In the United States alone children’s health is rapidly deteriorating. Since the early 1980’s childhood obesity in America has skyrocketed, leaving overweight children in danger. While obesity is defined as the condition of being very fat or overweight. One third of children “qualify as obese” (Davies), and meet the criteria to be labeled as “overweight as a result of poor eating habits, and a minimal amount of physical exercise. However, the lack of knowledge parents possess surrounding childhood obesity is determent to youngster future. When dealing with such an austere problem as obesity, parents should become more knowledgeable, supportive, and increase family activities to diminish childhood obesity.
Obesity is a condition characterized by the excessive accumulation and storage of fat in our bodies. This disease is increasing at an alarming rate in American children and adolescents, especially those within the ages 2 to 19. This essay examines the difference between school-based interventions (i.e., educate our children about obesity at an early age, serving right nutrition in schools) and community based interventions (i.e., parents help provide better nutrition for their children) to prevent obesity. Both interventions can help decrease obesity rates in children, but the point of this essay review is to point out which interventions will provide the better results to solve the childhood obesity epidemic in the United States.
In America childhood obesity statistics show that almost 60 percent of children are obese. This statistic continues to grow at an alarming rate. 70 percent of obese adolescence become obese adults. This means when these children grow into adults they will have more health problems than they already do and their quality of life will decrease. The amount of children who are obese between ages 6-11 years old has risen from 6.5 percent in 1980 to 19.6 percent, in 2008. In adolescents ages 12-19 years old the obesity rates risen from 5.0 percent in 1960 to 18.1 percent in 2008. Last year the United States government stated that obesity and type 2 diabetes have become a national epidemic.
Abstract Childhood obesity is a growing epidemic in the United States. More than one third of children are overweight. This figure is increasing rapidly. This epidemic puts children at risk for various health problems such as type two diabetes and heart problems. Although they are several risk factors for obesity, parents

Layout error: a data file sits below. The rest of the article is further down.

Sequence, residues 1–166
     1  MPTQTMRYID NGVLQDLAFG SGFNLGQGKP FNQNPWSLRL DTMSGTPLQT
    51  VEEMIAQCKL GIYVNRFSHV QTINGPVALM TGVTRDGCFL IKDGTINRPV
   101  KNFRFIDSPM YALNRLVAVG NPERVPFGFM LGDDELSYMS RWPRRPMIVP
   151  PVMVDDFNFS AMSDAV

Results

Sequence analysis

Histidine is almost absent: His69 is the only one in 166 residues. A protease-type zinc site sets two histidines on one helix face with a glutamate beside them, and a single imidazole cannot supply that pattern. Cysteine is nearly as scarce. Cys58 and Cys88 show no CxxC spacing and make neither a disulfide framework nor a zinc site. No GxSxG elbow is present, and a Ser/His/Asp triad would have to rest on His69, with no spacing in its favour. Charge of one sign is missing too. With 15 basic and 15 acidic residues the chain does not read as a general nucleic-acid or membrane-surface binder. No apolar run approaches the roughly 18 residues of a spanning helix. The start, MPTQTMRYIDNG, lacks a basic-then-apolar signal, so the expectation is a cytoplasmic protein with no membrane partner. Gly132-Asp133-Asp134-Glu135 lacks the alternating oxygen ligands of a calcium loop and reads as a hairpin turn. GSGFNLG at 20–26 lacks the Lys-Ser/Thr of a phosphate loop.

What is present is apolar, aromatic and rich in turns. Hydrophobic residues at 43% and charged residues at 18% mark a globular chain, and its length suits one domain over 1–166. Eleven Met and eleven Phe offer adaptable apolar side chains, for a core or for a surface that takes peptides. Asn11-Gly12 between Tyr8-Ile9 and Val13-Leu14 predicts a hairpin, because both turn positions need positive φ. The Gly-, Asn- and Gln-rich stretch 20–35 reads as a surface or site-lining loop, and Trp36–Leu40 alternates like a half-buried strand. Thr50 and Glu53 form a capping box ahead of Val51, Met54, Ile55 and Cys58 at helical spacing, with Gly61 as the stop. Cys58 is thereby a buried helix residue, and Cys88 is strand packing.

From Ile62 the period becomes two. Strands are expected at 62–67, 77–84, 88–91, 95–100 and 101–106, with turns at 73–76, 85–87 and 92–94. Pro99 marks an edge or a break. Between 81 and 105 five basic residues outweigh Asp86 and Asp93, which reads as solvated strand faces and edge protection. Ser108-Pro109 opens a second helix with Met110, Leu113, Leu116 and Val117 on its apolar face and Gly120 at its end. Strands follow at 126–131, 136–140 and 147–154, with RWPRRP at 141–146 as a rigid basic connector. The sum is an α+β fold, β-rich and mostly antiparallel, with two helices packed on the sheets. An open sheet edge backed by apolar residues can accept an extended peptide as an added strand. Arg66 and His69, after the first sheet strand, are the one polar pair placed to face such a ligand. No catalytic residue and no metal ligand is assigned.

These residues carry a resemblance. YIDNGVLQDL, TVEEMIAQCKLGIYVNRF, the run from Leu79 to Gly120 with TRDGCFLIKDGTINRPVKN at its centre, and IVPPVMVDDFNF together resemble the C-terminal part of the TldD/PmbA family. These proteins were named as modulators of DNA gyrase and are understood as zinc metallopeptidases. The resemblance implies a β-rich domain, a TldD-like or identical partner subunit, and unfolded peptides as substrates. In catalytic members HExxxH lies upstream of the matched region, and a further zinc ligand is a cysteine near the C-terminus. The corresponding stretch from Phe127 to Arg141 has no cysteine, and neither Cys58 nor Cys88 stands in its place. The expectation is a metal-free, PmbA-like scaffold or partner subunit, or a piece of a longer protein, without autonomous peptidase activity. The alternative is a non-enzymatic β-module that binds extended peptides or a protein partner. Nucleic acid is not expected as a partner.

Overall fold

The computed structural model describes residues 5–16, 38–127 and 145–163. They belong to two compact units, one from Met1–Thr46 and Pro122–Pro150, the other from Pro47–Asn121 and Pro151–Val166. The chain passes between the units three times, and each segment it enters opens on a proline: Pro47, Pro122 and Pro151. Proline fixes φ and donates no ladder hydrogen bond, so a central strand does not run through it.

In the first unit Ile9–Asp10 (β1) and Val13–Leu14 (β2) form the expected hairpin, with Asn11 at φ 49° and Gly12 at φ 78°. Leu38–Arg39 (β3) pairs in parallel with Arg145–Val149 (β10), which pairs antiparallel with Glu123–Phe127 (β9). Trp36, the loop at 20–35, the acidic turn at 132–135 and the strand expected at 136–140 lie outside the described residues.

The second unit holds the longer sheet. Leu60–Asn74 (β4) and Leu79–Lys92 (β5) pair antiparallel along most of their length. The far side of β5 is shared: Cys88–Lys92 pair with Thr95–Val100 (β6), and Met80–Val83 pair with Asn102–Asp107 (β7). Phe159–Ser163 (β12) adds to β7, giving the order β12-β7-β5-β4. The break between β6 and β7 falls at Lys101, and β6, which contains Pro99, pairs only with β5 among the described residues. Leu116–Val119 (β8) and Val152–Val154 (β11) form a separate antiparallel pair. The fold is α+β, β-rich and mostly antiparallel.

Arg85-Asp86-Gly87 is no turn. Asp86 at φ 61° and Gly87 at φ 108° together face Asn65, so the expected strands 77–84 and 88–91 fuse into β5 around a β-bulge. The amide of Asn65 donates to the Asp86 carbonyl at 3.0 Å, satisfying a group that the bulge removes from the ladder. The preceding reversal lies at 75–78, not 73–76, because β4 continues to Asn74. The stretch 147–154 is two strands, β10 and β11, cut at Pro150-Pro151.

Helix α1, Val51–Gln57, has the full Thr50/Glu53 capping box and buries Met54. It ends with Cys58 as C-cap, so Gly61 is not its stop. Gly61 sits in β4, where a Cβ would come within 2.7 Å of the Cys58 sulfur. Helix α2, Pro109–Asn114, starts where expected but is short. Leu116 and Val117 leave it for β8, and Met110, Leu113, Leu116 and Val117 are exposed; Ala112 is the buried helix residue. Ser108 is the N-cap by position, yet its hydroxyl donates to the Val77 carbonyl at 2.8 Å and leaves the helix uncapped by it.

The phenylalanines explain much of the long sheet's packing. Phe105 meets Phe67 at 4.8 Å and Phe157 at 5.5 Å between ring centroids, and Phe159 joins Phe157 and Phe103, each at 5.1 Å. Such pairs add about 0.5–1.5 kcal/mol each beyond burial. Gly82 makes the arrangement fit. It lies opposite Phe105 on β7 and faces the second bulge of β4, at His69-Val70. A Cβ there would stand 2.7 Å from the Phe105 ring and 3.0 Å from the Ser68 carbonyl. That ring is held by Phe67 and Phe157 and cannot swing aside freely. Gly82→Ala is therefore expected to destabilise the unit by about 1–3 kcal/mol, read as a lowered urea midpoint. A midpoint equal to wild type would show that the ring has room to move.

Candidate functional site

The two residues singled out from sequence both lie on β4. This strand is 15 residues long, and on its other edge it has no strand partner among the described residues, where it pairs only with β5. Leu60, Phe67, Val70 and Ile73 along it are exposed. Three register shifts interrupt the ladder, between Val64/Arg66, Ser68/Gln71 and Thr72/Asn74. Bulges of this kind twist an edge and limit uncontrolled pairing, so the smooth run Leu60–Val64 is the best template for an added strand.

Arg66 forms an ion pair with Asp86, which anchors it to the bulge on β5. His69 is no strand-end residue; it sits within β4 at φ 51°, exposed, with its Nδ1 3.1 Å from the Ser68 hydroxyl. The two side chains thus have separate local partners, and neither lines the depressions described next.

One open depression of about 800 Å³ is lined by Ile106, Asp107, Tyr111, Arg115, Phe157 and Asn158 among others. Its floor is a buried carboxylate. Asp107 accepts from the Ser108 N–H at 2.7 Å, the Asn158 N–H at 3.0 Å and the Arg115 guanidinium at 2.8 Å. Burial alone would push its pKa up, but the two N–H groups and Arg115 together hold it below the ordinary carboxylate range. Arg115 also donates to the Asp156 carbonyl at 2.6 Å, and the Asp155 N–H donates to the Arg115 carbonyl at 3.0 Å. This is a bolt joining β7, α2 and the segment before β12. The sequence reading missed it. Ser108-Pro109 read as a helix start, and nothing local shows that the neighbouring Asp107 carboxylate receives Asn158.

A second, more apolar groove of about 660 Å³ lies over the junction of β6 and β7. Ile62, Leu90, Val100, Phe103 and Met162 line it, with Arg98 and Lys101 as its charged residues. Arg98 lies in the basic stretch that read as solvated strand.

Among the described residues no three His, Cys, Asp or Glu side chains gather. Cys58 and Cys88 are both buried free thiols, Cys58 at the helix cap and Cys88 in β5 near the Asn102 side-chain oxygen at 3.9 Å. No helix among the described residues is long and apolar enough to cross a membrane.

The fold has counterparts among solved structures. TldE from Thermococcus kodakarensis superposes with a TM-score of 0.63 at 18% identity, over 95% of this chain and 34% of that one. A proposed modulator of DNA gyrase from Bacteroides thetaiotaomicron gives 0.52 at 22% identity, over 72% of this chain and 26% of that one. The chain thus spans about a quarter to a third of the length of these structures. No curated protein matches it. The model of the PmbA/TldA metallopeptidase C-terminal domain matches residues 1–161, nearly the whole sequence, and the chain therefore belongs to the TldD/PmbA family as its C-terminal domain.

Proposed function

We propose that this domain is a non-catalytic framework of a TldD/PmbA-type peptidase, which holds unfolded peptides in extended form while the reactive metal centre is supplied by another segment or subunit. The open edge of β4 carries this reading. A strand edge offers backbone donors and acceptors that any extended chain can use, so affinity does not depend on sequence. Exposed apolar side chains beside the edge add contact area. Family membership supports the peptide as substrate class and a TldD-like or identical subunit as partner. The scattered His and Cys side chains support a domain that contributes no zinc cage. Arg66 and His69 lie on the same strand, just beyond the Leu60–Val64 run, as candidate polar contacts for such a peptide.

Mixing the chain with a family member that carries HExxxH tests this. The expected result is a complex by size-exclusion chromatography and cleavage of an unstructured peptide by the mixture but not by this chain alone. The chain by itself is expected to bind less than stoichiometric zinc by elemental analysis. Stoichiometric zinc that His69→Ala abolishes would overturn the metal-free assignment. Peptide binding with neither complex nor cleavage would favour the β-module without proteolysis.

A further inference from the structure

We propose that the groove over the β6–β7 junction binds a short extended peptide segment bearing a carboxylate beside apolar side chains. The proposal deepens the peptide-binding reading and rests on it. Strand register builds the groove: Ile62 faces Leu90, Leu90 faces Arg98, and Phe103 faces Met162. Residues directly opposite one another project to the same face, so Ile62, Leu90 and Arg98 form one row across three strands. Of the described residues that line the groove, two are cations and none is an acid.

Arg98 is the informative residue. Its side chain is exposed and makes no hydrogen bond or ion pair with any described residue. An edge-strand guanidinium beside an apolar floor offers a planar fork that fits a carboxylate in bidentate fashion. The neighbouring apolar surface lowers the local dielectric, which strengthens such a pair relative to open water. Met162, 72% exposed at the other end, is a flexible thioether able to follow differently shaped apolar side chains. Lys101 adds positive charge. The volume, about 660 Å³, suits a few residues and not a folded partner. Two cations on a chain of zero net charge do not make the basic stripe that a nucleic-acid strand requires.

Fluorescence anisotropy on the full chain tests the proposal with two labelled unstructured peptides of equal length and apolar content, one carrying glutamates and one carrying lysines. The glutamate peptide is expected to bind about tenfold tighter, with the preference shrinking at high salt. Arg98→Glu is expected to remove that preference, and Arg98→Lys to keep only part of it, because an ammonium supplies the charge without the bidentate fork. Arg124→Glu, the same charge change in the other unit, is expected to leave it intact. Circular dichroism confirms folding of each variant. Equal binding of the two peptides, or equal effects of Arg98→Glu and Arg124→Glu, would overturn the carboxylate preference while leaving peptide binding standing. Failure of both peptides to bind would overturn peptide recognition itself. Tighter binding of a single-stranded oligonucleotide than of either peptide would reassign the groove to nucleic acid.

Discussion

There is a new epidemic that is hitting America by storm in this day and age. It is a serious concern that can lead to serious health problems, social ostracism and, if left untreated, fatality. This disease is obesity, more specially child and teenage obesity in America which statistics show has reached an alarming 2.5 million for children ranging from 2 to 19. This teeming number is continually increasing and as a result, children are at an increased risk for diseases traditionally correlated with adults such as heart disease and Type II diabetes. Sadly enough, this can and will shorten the life span of children if measures are not taken. Now, there are many unknowns as to the actual causes of teen obesity and not just gluttony or
Intervention: It is important for pre-adulthood intervention because prevention of overweight and obesity in early childhood can in the long run, attenuate the high prevalence of excessive weight among older adults. (Moreno, L) With the assistance of specific health programs and initiatives schools are able to best assist, guide and support students with their dietary patterns and nutritional choices, thus addressing some of the factors effecting adolescent obesity. Two intervention programs/initiatives that can be, and have been, incorporated well into schools are:
In general, the healthcare system has been faced by a lot of trends, which have left the healthcare providers with less option but to move in haste to accommodate the trends in their day-to-day activities. All aspects of the healthcare system have been affected, and this paper reveals specific trends in long-term care and health promotion.
Figure 1: Obesity rankings in adolescents aged 2-19 in the 95th percentile of BMI. The figure featured above demonstrates the rapid incline in obesity in our youth over the past 40 years. This graph features the 95th percentile of obesity in adolescents 2 to 19 years old (Rajalakshmi Lakshman-american red cross article)